Of course, I cannot criticize the series without mentioning the degradation of the characters, most of which are far from the complicated real people we once loved back in seasons two and three. Dwight always teetered the line of reality and the ridiculous and aside from a few moments, he completely leaped into caricature mode. Same goes for Michael, who has blown which ever way the plot wind needed him to in the past few years. This season, Michael did a number of stupid and despicable things and never did much on the other end to make us feel like he wasn’t a complete dirt bag. That’s not Michael Scott.

Perhaps this is the only way you can take characters on a long-running comedy, but it’s still disappointing to know exactly what kind of thing Phyllis, Stanley or Meredith is going to say before they even start to say it.

Quick hitters

Best storyline: Pam and Jim’s journey to marriage and through parenthood.

Worst storyline: Michael and Donna’s adulterous relationship.

Best performer: Ed Helms — I already praised the Nard Dawg up top, but he balances the comedy and emotional moments well while still making us slightly uncomfortable.

Best single moment: Learning that Jim and Pam had already gotten married at the Niagara Falls before the “real” wedding.

Three best episodes: “Niagara,” “The Delivery Part 1,” “Murder”

Worst episode: “The Banker”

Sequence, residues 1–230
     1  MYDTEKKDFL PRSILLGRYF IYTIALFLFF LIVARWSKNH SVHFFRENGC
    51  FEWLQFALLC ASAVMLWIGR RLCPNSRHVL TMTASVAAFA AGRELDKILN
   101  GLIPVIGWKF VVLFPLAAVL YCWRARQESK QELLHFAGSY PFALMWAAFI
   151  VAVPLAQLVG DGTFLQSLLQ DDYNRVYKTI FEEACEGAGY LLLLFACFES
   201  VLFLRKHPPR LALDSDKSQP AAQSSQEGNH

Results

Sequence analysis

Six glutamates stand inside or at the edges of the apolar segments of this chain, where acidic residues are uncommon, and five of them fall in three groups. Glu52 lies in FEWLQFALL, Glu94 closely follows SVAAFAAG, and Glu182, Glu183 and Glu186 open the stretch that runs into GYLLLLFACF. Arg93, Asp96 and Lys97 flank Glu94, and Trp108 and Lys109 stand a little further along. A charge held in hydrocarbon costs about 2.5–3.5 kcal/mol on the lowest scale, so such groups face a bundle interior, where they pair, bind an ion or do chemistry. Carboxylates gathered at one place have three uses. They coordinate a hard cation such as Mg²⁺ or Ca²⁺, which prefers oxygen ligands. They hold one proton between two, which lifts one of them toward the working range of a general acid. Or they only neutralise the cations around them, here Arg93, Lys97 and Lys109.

Where does it fit in the context of the whole series: Alas, the series is officially showing its age because this is definitely the worst season so far. The biting humor has been replaced by broad strokes, the characters are no longer that interesting and without a real world threat catalyzing the action, it all just feels lacking in energy. Here’s to hoping it can turn around!

Final grade: C

Past days of the wrap:



11 responses to “2009-10 season wrap: The Office”

  1. I agree this was a weaker season but still think I liked it a little more than you did. I think when the show is without a real world problem, the show works best when it just starts being irreverent and goofy, and I think the Murder episode is perhaps the strongest in that sense. Without a better story arc, I could take or leave a lot of the subplots and even thought the romance with Andy and Erin occasionally felt tacked on. The Dwight/Angela adoption thing was fairly ridiculous and uncomfortable, I hated that there was a clip show, and how do you call this season of the Office the worst without a mention of Scott’s Tots, easily the hardest thing I’ve ever had to watch on television.

    Other notable moments: Kevin as Cookie Monster, David Wallace and ‘Suck It,’ and the IT guy in the last episode going off on the entire office.


  2. […] There weren’t too many people high on the sixth season of The Office. Despite a number of high-water marks (the Halpert wedding and birth, among others) and compelling plot-lines, the season seemed disjointed, unfunny and constantly bored with the possibilities that certain stories were bringing to the table. For every single person or critic that I know who watches the series, season six was definitely the worst in the run. When I did my season wrap-up for The Office, I was far from kind. […]